Human Rights Day is the best day for its launch as the day is basically celebrated for honoring the rights of people. This day is observed by the international community every year on 10th December. The date was chosen to honor the United Nations General Assembly’s adoption and proclamation, on 10th December 1948, of the Universal Declaration of Human Rights (UDHR), the first global enunciation of human rights and one of the first major achievements of the new United Nations. The formal establishment of Human Rights Day occurred at the 317th Plenary Meeting of the General Assembly on 4 December 1950, when the General Assembly declared resolution 423(V), inviting all member states and any other interested organizations to celebrate the day as they saw fit.
The Office of the United Nations High Commissioner for Human Rights plays a prominent role in coordinating worldwide efforts to celebrate the day, which routinely features cultural events and performances, public meetings and seminars, and other educational activities in promotion of human rights. The day is normally marked both by high-level political conferences and meetings and by cultural events and exhibitions dealing with human rights issues. Besides, it is traditionally on 10 December that the five-yearly United Nations Prize in the Field of Human Rights and Nobel Peace Prize are awarded. Many governmental and non-governmental organizations active in the human rights field also schedule special events to commemorate the day, as do many civil and social-cause organizations.
At a plenary session on 4th December 1950, the UN General Assembly passed a resolution 423 (V) that invited all UN member states and any other interested organizations to commemorate the 10th December 1948, proclamation of the UDHR with an annual celebration, called Human Rights Day, to be held on the anniversary of that landmark date. Each year a theme is chosen to draw attention to a particular facet of the effort to uphold human rights. Themes have included ending discrimination, fighting poverty, and protecting victims of human rights violations. Additionally, since 1968, which the UN designated as the International Year for Human Rights, the organization has periodically awarded a United Nations Prize in the Field of Human Rights on Human Rights Day.
When the General Assembly adopted the Declaration, with 48 states in favor and eight abstentions, it was proclaimed as a “common standard of achievement for all peoples and all nations”, towards which individuals and societies should “strive by progressive measures, national and international, to secure their universal and effective recognition and observance”. Although the Declaration with its broad range of political, civil, social, cultural and economic rights is not a binding document, it inspired more than 60 human rights instruments which together constitute an international standard of human rights. Today the general consent of all United Nations Member States on the basic Human Rights laid down in the Declaration makes it even stronger and emphasizes the relevance of Human Rights in our daily lives.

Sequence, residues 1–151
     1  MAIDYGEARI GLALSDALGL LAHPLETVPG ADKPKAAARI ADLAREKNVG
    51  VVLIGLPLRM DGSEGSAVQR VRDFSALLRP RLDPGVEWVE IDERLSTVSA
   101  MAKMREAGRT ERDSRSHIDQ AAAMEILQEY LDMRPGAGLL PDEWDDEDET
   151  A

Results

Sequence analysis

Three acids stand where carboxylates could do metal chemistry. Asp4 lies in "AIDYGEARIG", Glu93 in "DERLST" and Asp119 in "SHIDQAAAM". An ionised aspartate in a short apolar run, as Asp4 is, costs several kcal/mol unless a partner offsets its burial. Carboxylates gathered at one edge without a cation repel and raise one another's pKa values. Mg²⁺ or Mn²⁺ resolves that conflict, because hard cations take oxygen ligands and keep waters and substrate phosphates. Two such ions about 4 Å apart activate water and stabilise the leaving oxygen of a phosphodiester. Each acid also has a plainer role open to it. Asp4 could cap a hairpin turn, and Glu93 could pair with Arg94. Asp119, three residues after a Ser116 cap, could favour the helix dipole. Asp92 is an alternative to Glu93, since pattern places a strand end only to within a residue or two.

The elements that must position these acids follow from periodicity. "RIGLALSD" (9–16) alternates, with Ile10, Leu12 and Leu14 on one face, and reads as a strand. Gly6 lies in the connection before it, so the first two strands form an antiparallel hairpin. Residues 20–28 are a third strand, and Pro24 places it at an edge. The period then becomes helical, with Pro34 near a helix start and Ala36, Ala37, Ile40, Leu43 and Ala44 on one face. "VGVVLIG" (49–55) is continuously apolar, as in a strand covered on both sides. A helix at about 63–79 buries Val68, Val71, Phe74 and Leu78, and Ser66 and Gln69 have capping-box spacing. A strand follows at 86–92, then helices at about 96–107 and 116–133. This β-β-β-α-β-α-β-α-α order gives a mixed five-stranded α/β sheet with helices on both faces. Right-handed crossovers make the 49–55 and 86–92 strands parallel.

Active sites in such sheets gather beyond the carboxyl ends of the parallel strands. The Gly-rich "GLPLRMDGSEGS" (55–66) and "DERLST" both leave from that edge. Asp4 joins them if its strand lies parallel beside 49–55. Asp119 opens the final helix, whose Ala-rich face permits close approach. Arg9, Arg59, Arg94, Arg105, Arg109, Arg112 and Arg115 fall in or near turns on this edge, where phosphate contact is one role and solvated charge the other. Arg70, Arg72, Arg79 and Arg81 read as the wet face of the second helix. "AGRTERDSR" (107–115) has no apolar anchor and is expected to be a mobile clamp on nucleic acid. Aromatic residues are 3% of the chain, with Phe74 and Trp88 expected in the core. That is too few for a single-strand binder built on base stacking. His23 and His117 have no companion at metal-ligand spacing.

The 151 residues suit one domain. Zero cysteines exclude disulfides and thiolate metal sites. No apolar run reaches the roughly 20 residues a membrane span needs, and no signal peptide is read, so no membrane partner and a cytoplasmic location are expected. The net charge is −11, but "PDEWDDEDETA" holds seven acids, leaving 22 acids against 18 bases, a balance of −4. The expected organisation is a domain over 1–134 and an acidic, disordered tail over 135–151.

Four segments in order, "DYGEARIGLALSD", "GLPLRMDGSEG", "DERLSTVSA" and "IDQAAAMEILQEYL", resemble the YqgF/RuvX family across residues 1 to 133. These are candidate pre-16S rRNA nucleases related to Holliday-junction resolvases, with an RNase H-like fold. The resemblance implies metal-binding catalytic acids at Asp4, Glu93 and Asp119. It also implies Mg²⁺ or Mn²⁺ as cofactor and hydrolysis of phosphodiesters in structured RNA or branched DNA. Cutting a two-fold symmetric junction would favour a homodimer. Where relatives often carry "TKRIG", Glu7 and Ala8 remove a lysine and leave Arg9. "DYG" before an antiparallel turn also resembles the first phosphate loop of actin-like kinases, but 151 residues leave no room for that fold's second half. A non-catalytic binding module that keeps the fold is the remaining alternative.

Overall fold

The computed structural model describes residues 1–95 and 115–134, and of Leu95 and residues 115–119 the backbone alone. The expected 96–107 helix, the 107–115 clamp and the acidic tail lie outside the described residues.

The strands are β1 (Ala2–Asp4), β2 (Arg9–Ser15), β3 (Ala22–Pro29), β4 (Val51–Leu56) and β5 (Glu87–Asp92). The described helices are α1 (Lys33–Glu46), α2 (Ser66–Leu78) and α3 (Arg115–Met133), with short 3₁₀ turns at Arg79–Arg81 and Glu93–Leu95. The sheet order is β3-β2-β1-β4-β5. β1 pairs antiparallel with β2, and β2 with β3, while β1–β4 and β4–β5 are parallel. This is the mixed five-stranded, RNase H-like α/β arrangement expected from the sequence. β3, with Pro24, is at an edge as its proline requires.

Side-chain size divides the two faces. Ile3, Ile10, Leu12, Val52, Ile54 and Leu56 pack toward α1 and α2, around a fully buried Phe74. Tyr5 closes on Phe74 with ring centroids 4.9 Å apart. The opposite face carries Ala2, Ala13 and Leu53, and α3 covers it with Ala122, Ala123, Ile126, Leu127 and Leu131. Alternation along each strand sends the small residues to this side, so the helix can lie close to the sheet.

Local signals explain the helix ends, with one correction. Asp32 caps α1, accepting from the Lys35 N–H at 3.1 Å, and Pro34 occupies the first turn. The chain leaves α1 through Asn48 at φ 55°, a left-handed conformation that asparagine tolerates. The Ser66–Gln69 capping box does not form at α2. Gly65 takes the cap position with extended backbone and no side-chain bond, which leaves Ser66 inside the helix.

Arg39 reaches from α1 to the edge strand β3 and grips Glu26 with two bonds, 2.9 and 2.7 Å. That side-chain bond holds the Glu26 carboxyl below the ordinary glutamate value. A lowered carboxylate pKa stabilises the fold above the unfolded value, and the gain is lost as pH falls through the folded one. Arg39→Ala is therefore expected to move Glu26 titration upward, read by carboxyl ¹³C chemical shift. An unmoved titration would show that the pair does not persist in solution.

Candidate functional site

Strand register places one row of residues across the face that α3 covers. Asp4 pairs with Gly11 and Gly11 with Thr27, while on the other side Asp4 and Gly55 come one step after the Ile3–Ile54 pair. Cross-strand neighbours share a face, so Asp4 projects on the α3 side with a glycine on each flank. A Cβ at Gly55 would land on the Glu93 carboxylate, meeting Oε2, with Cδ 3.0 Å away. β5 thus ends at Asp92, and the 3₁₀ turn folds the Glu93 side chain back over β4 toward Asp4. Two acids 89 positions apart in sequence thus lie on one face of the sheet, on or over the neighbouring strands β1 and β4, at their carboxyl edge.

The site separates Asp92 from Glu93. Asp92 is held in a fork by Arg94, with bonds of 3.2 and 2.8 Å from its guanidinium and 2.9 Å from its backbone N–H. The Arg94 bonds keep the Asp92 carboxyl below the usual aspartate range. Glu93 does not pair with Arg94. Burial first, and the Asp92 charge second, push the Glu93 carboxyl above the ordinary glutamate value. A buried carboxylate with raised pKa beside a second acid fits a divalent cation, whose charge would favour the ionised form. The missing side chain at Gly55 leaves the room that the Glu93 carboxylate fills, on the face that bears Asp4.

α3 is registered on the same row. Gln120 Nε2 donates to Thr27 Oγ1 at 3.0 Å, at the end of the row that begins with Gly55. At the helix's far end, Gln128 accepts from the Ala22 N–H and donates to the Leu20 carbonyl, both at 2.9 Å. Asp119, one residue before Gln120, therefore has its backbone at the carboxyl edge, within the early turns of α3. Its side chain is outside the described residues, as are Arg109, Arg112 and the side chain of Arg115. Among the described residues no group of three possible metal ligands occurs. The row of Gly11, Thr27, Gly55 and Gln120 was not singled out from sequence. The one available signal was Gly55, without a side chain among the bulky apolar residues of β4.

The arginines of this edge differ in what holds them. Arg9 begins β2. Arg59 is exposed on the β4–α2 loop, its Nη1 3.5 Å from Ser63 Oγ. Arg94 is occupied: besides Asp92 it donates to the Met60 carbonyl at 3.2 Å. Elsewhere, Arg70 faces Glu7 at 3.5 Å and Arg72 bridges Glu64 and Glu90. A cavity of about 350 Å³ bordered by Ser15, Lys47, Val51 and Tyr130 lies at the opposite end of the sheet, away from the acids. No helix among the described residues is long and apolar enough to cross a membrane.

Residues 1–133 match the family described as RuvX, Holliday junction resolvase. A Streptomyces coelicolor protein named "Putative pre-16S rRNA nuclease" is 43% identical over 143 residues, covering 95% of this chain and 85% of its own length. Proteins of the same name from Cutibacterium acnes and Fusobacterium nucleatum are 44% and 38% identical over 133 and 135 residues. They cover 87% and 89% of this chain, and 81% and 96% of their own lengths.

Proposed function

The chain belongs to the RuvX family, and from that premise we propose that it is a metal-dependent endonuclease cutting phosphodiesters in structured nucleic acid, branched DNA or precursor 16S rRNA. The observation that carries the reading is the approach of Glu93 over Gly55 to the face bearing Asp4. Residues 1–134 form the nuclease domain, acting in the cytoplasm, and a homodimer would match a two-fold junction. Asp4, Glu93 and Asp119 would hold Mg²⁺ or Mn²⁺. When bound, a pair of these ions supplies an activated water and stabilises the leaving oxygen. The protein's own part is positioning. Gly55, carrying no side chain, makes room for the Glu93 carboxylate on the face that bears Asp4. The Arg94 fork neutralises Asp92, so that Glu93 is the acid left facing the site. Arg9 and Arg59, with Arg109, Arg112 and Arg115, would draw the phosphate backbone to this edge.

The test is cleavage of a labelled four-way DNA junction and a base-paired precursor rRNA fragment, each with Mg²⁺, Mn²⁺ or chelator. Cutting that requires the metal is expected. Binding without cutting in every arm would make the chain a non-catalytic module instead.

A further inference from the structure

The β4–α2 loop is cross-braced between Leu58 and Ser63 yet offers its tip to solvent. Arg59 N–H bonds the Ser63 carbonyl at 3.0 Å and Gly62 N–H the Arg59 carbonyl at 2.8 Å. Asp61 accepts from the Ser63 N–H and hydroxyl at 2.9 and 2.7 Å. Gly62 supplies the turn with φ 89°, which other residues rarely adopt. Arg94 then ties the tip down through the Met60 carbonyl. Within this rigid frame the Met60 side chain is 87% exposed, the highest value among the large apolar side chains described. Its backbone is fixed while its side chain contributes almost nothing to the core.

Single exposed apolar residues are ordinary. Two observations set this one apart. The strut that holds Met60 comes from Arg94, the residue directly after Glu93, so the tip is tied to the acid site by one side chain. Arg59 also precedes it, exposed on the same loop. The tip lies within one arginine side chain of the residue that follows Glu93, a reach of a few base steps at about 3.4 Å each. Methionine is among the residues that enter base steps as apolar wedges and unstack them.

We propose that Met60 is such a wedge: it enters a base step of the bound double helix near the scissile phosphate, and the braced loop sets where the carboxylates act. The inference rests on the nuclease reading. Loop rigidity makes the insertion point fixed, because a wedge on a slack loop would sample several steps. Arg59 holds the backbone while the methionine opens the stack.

The 60th anniversary of the Universal Declaration of Human Rights occurred on 10 December 2008, and the UN Secretary-General launched a year-long campaign leading up to this anniversary. Because the UDHR holds the world record as the most translated document (except for the Bible), organizations around the globe used the year to focus on helping people everywhere learn about their rights.
Human rights gain new meaning when they become a reality in the daily life of every single person in the world. Bringing human rights home is at the core of UNESCO’s mission in all its fields of competence education, science, culture, and communication. In the context of the commemoration of the 70th anniversary of the Universal Declaration of Human Rights (UDHR), UNESCO brings to the fore the centrality of human rights protection in the history and the mandate of the Organization.
Affirming the symbolic value of Human Rights Day’s calendar date, South African Pres. Nelson Mandela signed his country’s first permanent postapartheid constitution on Dec. 10, 1996. At the same time, since 1995, South Africa has observed a national public holiday known as Human Rights Day on March 21, the anniversary of the 1960 Sharpeville massacre.